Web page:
Over the past couple of months I have read a few books that I wanted to talk about on this blog. My reviews (if you want to call them that) of each as too short to warrant their own article, so here they are combined into one list.
The first book on the list is Zero Day: A Novel by Mark Russinovich, author of the fine Sysinternals tools; tools that rely on every day. He has also written a couple of extremely dense technical books on the internals of the Windows operating Systems. So it came as a a surprise to me when I heard that he was writing a novel. I thought he should be working on Windows Azure not fiction. So while this may not be the greatest work of fiction ever produced, this book is noteworthy for a couple of things. First and foremost, it draws attention to the fragility of all those computerized systems that we depend on so heavily for our daily lives and illustrates how easily a couple of determined individuals can disrupt them. Also, the book is a lot more graphic than I had expected. I didn’t mind necessarily, though I failed to see how detailed descriptions of the physical features of the female characters was really adding to the progression of the story. Finally, this is the only novel I know of, that features an appearance of WinDbg. As can be expected from someone as technical as Mark Russinovich, the depiction of the technological aspects is very accurate, there is none of the technical mumbo-jumbo and outright silliness you see in TV series, movies and the like (I am looking at you, Password: Swordfish). Overall, a pretty good book that raises some important points.
Next up is The Story of Stuff by Annie Leonard. I had already written on this blog about her film of the same name. The message of the two is the same: we are consuming way more than we should, and it is not even making us as happy as we wish it did. Only the book backs it up with a ton of figures and research and even contains some helpful hints on what each and every one of us can do on an individual basis or where one can turn for more information. This book together with No Impact Man (which I wrote about here) has fundamentally changed the way I view my place in the world and the responsibility I have towards this planet. These books are the reason you see environment posts on this blog.
Facts and Fallacies of Software Engineering by Robert Glass. This one I had on my wish list for a long time, before I decided to buy and read it. The book contains a number of interesting facts about my profession, some of which I knew, some of which I didn’t know. That’s OK because I am not a software developer by training and this book was a great help in making up for that. Another great book in that category is Coder to Developer by Mike Gunderloy, which is a bit more practical in that it contains all the info you would need to get a basic understanding of the work and the tools of a software developer. What I found most amazing about Facts and Fallacies was that the basic research quoted by the author in support of his theses was often from the very early days of the software field. The fact that a book such as this is still necessary after that long speaks volumes to the way old wisdom is ignored in favor of the latest fad in our field.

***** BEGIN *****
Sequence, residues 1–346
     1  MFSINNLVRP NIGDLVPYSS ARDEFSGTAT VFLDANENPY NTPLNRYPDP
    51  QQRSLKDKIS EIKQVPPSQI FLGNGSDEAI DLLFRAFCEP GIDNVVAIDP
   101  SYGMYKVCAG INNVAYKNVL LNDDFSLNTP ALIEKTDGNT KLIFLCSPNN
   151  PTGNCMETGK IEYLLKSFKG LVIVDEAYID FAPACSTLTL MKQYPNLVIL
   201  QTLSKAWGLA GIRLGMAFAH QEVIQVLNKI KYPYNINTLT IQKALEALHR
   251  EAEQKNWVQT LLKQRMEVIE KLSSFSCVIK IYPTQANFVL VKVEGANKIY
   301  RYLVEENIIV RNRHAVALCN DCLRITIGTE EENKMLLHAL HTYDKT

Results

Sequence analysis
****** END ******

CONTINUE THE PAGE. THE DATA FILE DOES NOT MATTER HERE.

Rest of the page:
The Master Switch by Tim Wu is the story of the various information empires that have come and gone over the past 150 years or so. I personally remember only the latest one: the dotcom boom (and bust). But is interesting to see the similarities between say the internet boom and the advent of amateur radio. Both carried the promise of leading to greater democratization by brining information to the masses. It is also interesting what kind of sabotage companies got away with in the past. There is the story of a phone company stealing their competitors wires. In another instance one company was required to let its competitors to install switching equipment on their premises to connect to their network. Because they didn’t want that, they simply left open a window in the room housing the equipment and soon enough birds were living their, destroying their competitors equipment.
Finally there is The Filter Bubble by Eli Pariser. The author makes an very good point about how harmful the increasing personalization on the internet can be. By seeing only what we like, we no longer encounter anything that we may not like, but that is important for us in order to be informed citizens. I have actually noticed this on myself: I have a couple of dozen RSS feeds set up in Outlook to keep me up to date on topics that I care about. Because I know I should know about current affairs to understand the political landscape and make an informed decision come election time, I have included a couple of news sites. But more often than not I find myself checking tech blogs or movie trailers before I even look at the much more serious but considerably less entertaining political headlines. This actually links to something mentioned in The Master Switch. In an era when there were just a handful of broadcasting companies, everybody was watching the same programming. It gave people something to talk about and more importantly it allowed the nation to be rallied behind a common cause. Nowadays, thanks to personalization, everybody can live in their own little world, where they only see the news they like and go forever without encountering a single dissenting opinion. An opinion that might might otherwise have made them rethink some of their positions and notice that there is more to it than they might have realized before.